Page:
When you have lemons, make lemonade. When you have beautiful, fresh-off-the-farm, golden yolked eggs with gorgeous, naturally hued, make…rice pudding. The eggs were a gift from my friend and cooking teacher Sue Sell, and they were so pretty that it was difficult to find the resolve to crack them open. (Check out the photo to see how the yolks contributed to the yellow color in the finished dessert...and yes, that is a feather.) But why rice pudding?
Mixing culinary metaphors isn’t really my thing, and I like my cooking straight-up authentic (and tasty). But, last night I applied a Mexican cooking tradition to my Italian pizza. No, I didn’t just add jalapeños.
Enchiladas can be sauced in many different ways—rancheras, molé, suizas, verdes, and more. A dish of enchiladas sauced with two different sauces is called enchiladas divorcadas, or divorced. I couldn’t decide what topping to make for our Friday night pizza, having tomatoes, broccoli, ricotta, and mozzarella at hand, and I didn’t want to do a mash-up. My solution was to make divorced pizza—a white broccoli on one side, and tomato and mozzarella on the other.
Here's another Italian specialty that I've learned to make in the last few years...perhaps proving that you can teach an old dog new tricks. It's meat and cheese pie, an Easter specialty loaded with cold cuts to celebrate the return to eating meat after a Lent-long fast. My version is based on the one from Patsy's Italian Family Cookbook. I spent many hours at Patsy's watching Chef Sal and his crew making their old-school dishes that have made the restaurant famous for over 70 years. My version is actually streamlined, as I used a four-cheese pizza mix and sliced cold cuts instead of the individually prepared ingredients. The dough is easy to make, thanks to instant yeast (you don't have to worry about the water temperature). The pie goes by many names--Pizza Gaina or Pizza Chena (both dialect variations of Pizza Piena, which is Italian for "filled pie") or Pizza Rustica. No matter what you call it, it is delicious. I am always surprised at how easily is comes together.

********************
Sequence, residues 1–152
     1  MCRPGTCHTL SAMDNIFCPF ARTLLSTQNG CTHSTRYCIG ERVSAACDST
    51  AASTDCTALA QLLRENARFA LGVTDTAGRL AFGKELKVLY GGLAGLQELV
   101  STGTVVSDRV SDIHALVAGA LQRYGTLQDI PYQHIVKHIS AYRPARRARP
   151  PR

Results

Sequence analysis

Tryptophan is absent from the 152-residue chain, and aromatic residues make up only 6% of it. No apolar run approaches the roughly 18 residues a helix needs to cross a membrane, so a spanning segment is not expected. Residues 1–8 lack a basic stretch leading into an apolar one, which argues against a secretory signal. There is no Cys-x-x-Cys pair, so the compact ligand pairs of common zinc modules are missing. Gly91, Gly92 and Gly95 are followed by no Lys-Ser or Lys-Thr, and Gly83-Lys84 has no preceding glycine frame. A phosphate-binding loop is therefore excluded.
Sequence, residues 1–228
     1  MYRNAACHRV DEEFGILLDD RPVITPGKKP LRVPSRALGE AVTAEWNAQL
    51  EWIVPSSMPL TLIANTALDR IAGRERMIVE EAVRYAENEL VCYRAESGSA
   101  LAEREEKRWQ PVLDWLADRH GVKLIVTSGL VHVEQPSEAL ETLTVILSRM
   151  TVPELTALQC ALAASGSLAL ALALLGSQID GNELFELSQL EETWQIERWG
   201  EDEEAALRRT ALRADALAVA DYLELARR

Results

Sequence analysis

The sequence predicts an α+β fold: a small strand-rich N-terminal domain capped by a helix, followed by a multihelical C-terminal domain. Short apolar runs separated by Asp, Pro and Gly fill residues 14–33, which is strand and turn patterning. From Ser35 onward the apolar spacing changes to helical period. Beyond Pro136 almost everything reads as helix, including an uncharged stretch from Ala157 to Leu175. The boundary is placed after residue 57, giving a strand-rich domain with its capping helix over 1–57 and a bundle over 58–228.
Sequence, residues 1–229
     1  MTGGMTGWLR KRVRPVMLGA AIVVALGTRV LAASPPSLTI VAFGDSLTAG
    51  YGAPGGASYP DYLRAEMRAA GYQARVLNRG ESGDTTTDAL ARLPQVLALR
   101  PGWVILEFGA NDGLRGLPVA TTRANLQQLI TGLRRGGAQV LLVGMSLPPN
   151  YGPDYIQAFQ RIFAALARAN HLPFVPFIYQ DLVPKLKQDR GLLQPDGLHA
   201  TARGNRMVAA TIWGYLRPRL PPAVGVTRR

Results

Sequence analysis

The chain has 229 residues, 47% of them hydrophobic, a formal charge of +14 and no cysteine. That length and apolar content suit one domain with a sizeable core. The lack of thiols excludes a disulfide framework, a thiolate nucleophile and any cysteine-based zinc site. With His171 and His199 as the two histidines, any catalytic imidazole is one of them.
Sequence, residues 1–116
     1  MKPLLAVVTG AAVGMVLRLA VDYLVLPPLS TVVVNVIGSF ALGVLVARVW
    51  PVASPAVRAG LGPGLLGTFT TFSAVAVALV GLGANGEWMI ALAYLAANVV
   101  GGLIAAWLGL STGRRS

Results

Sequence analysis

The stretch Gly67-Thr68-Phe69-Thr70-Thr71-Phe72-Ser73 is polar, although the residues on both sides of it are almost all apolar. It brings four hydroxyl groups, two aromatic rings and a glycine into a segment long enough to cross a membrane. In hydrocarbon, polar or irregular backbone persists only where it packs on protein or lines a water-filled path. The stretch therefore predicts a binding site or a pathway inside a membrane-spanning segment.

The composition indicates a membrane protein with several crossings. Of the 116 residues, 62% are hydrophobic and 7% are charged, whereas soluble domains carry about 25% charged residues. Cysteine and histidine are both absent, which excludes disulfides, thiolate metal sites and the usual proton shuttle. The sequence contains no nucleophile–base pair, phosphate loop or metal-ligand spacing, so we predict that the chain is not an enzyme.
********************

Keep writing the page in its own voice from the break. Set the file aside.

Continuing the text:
More than baked ham, more than roast lamb, my must-have Easter dinner tradition is coconut layer cake. Its annual appearance on our holiday table goes back to my childhood. My mom and our neighbor Ardi thought nothing of staying up all night designing 3-D cakes, and Easter always featured a funny bunny with white jelly bean teeth and shredded coconut fur. (Yes, the fur and frosting was often tinted with food coloring.) I'm all-grown up, and now I prefer my coconut cakes for their flavor rather than their cuteness factor. When working on TOMMY BAHAMA'S FLAVORS OF HAWAII, I recreated the piña colada cake that is a favorite at their restaurants. This is a truly fabulous cake, with a white chocolate mousse frosting, tender yellow cake, crushed pineapple, and a generous splash of rum. (If serving to kids, use non-alcoholic rum-flavored beverage syrup.) <Photo by Peden + Monk from FLAVORS OF ALOHA, available only at Tommy Bahama stores, restaurants, and www.tommybahama.com.>